The Time is Ripe for Grand Canalscape Bike Path
So how was the ride?
Honestly, the Grand Canalscape bike path is a mediocre ride if you plan to cover the entire distance.
It’s as good as it can be, but it has some inherent flaws that prevent it from being world-class cycling infrastructure:
- It’s at street grade with no underpasses. That means traffic signals will stop you often.
- Speaking of traffic signals, some of them are interminably long.
- Since the canal cuts through the city largely at a diagonal, you’ll run into even more traffic signals.
- Drivers are either confused by the HAWK signals at the crossings, or they just don’t give a crap. I saw many blow right through when cyclists and pedestrians had the right of way.
- There are no restrooms or water fountains. My bet is that officials were worried about use and abuse from the homeless. Well, address that situation better and the problem goes away, right?
- There’s one particularly big miss: The Grand Canalscape bike path should be directionally striped like a road. There are way too many people meandering in the wrong direction. Some particularly incompetent riders can’t even seem to stay on one side. At least striping it gives the rest of us a leg to stand on when we say “stay on your side.”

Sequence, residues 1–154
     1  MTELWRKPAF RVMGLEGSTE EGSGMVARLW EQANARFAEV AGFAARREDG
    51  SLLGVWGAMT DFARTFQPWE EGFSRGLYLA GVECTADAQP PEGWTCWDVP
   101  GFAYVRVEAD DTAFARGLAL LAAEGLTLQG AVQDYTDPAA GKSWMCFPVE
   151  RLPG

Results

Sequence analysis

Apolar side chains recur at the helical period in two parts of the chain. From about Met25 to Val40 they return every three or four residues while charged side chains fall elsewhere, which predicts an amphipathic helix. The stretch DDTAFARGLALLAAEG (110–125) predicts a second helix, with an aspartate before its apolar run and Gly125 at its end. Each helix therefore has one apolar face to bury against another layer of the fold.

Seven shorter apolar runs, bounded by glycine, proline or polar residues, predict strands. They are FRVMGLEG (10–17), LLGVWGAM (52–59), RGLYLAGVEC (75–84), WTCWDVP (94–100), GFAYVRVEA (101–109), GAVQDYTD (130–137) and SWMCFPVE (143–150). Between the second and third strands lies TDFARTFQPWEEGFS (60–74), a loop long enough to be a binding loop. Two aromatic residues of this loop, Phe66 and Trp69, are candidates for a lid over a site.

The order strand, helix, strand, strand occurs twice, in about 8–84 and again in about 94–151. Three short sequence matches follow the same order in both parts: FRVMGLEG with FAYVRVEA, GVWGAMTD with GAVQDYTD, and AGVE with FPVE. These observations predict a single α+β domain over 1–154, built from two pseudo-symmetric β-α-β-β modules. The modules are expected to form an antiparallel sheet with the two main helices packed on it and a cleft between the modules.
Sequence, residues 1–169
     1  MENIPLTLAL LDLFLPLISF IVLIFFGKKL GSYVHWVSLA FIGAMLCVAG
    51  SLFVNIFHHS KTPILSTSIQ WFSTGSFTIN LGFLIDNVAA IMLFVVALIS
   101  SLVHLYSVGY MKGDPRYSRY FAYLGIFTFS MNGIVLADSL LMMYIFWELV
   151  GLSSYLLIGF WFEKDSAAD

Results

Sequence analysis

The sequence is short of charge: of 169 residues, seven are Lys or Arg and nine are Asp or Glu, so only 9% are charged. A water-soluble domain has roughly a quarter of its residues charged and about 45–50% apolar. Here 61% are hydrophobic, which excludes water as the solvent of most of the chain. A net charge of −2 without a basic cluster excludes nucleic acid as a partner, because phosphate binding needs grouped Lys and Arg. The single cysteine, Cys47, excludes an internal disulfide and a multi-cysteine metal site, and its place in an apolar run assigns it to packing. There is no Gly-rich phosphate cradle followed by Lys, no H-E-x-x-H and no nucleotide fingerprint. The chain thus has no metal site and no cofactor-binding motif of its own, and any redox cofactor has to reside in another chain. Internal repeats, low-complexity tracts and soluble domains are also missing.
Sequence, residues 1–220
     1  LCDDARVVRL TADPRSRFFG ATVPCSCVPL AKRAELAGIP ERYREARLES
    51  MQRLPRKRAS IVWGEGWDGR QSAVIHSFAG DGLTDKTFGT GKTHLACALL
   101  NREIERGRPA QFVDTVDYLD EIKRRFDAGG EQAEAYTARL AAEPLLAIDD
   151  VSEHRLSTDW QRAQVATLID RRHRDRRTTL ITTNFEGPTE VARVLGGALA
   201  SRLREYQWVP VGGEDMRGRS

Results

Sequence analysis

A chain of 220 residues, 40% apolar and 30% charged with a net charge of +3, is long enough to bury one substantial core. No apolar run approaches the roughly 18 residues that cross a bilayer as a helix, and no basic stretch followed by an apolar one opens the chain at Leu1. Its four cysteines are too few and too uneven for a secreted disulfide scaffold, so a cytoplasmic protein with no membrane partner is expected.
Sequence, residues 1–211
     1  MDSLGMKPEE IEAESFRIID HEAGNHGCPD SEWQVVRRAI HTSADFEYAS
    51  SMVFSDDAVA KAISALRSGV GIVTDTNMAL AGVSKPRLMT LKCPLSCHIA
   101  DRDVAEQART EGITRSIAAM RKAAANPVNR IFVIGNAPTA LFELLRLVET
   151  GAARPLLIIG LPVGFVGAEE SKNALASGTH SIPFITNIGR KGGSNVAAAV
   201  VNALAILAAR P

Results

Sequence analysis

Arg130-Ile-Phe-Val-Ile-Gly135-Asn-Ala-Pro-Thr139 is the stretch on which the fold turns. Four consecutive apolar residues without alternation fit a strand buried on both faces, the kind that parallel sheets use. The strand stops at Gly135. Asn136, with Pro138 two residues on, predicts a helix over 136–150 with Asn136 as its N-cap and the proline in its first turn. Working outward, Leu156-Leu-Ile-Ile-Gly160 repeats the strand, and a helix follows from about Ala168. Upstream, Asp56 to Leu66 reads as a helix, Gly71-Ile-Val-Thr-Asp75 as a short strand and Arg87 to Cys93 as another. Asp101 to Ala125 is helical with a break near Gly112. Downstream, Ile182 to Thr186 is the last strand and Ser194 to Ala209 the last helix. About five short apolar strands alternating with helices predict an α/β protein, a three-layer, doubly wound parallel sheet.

- If you’re trying to connect to the Rio Salado bike path, forget it. There doesn’t seem to be any logical, safe way to accomplish that at this point. I will keep hunting for it and update this post if I find a good way.
- There are few good connections to any good locations or cycling infrastructure, actually. This needs to be a priority with both signage and helpful, obvious ways to connect bike lanes to each other.
Pavement, Amenities and the General Vibe
The pavement is perfect out in the east. I favor rubberized asphalt, but whatever this surface is, it’s pretty nice. It’s seamed concrete, but without the bumpity-bump I associate with this sort of surface.
The seams and the bump get more pronounced as you go west.
There are also no easy-to-see amenities. If you ride the Arizona Canal, you have OHSO Brewery. They’ve rolled out the welcome mat for cyclists.
The Grand Canalscape desperately needs amenities like this. A nearby espresso shop (or even an espresso food truck) would go over well.